HomeIndustrial MineralsNokeng fluorspar mine ticks all the right boxes

Nokeng fluorspar mine ticks all the right boxes

South African fluorspar junior SepFluor is moving swiftly towards the start of operations at its first project, Nokeng in South Africa.

While all the regulatory approvals for Nokeng were in place by 2013, it was 2017 before the R1.7 billion required to develop the project was raised – primarily amongst international investors and lenders – and construction could begin.

“It wasn’t easy; South Africa then was probably at its lowest ebb as a mining investment destination, fluorspar at the best of times is considered ‘obscure’ amongst investors, and the fluorspar market was at its lowest in six years,” says CEO, Rob Wagner.

But Wagner, his team and the various contractors have made up for lost time – the mine is expected to be operational by the end of April 2019, pretty much on schedule and within budget.

Hot commissioning has begun, and various portions of the plant are already operational.

The permanent staff have been engaged and have undergone detailed training and coaching in preparation for the start of plant operations.

The market timing is apposite, with the international fluorspar having turned a corner due largely to production cutbacks by the world’s largest producer, China – a consequence of tougher environmental regulations there.

Nokeng’s first year of production has already been sold with demand reaching unprecedented levels.

Volume, quality, products, cost

Nokeng will mine a reserve of some 12.2 Mt of calcium fluoride (CaF2) from two haematite-fluorspar orebodies – Outwash Fan and Plattekop – over 19 years, with the likely prospect of extending the life of mine from a third orebody, Wilton, partially explored at this point.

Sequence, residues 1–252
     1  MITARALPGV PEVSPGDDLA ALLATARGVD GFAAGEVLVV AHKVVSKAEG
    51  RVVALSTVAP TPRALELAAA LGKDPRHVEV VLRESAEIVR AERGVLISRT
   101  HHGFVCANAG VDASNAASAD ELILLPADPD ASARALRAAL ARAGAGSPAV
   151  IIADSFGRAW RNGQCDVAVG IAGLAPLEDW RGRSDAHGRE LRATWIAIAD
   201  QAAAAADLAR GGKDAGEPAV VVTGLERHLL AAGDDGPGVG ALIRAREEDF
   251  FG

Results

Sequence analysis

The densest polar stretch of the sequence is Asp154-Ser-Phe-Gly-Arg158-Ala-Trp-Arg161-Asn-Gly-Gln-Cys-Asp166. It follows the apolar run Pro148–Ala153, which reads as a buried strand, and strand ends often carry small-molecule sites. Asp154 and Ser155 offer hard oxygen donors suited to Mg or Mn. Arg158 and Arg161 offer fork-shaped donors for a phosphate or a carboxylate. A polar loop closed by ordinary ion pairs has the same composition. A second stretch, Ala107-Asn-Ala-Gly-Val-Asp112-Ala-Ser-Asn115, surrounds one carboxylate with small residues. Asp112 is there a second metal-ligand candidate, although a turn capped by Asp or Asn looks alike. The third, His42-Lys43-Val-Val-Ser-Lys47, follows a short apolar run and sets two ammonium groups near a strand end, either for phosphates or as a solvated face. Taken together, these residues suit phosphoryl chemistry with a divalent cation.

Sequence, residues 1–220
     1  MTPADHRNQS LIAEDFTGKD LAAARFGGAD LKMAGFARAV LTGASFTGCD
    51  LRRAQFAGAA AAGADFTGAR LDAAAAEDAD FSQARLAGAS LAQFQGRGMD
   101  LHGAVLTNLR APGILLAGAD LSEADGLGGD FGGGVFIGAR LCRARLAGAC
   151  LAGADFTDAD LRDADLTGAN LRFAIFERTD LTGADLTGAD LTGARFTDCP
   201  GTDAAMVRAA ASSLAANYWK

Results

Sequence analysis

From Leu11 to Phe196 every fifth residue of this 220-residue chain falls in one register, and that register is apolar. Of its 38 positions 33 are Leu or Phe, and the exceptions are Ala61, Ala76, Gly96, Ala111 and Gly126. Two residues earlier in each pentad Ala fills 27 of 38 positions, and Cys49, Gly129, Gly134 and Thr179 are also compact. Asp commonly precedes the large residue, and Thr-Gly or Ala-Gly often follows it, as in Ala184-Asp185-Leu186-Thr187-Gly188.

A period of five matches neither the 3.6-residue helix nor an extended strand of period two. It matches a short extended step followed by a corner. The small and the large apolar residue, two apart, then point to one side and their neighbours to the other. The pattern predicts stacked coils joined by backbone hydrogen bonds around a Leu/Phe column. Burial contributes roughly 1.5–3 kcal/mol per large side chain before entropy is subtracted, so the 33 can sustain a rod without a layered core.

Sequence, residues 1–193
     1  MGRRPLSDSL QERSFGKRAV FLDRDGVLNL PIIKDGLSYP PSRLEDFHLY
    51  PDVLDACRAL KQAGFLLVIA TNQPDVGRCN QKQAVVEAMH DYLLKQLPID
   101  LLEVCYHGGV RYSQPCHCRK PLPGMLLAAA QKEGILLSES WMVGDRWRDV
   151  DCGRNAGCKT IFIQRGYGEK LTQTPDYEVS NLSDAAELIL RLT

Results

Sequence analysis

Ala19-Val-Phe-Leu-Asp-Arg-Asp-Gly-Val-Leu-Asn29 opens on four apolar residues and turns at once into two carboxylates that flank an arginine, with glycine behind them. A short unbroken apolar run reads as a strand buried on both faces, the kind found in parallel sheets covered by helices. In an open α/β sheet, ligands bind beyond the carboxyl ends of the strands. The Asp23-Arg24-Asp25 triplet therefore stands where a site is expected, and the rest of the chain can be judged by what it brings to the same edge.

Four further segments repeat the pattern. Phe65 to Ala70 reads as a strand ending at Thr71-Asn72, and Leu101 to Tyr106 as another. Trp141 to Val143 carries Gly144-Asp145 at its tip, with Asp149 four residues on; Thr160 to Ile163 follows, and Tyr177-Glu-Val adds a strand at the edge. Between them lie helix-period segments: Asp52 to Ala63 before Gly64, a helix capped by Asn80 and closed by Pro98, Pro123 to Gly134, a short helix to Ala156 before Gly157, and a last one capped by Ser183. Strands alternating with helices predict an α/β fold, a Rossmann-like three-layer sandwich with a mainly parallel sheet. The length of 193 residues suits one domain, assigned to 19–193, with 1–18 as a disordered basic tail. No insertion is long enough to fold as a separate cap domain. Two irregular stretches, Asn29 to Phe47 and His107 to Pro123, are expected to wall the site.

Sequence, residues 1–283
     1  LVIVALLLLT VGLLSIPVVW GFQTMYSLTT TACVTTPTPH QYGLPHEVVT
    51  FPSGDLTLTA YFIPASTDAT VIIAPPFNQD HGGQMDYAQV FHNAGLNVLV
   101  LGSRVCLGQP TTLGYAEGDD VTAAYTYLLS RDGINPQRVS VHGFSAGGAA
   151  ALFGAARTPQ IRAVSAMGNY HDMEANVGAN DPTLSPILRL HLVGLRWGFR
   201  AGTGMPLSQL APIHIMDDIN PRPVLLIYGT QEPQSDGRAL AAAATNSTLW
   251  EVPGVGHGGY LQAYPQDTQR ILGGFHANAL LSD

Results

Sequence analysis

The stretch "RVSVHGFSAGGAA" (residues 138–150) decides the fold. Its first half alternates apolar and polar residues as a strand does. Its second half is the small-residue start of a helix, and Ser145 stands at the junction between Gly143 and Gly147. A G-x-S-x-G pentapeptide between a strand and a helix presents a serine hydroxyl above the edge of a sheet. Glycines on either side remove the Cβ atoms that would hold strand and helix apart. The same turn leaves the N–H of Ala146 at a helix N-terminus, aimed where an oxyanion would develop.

The average grade of around 27% is high by international standards, says Wagner, ensuring sound economics and locked-in markets for Nokeng’s products – 180 000 tpa of acid grade fluorspar and 30 000 tpa of metallurgical grade fluorspar.

The ease with which the surface and near-surface orebodies can be opencast-mined and the efficiency of Nokeng’s state-of-the-art plant are expected to put the new mine in the bottom cost quartile of producers internationally.

Progress – mine, plant, infrastructure

Ore production by mining contractor Andru Mining from both the Outwash Fan and Plattekop orebodies began in early 2018 and will ramp up to some 630 000 tpa once the concentrator is fully commissioned.

Design and construction for the plant, offices and other infrastructure were contracted on an EPC basis to a joint venture between Group Five and DRA Global.

Completion is expected by mid-April of 2019, with some commissioning already under way.

The tailings storage facility has been designed to accommodate around 9 Mm3 of tailings over the life of the mine and is already complete and commissioned.

Upgrading of the D567 provincial road to accommodate the mine has been completed, and by December 2018 a new, 14 km, 132 KV overhead line from Eskom was delivering power to site.

Also, under consideration for the future is a photovoltaic supply by third parties to ensure security of supply.

The mine’s water requirement will be drawn from a wellfield with re-use of water optimised to limit this requirement.

Employment, community development

People from multiple communities around the mine have been prioritised both for the approximately 900 fixed-term jobs during construction and the 200 permanent jobs during operation.

A key component of Nokeng’s social and labour plan is a 2 400m² training centre, built on site and equipped at a cost of R17 million.

This will provide National Qualifications Authority-accredited skills training for more than 4 500 people over the life of mine – focused on mainly the youth in roughly a 50:50 ratio between men and women, from identified communities in a 25 km radius of the mine – in fields such as boiler-making, welding, fitting, electrical and community house-building.

Nokeng covers the training cost of R36 000 per student; which includes tuition, study materials, transport, work clothing and personal protective equipment.

Some of the permanent employees for the mine operations were sourced from the first graduates from this state-of-the-art training facility.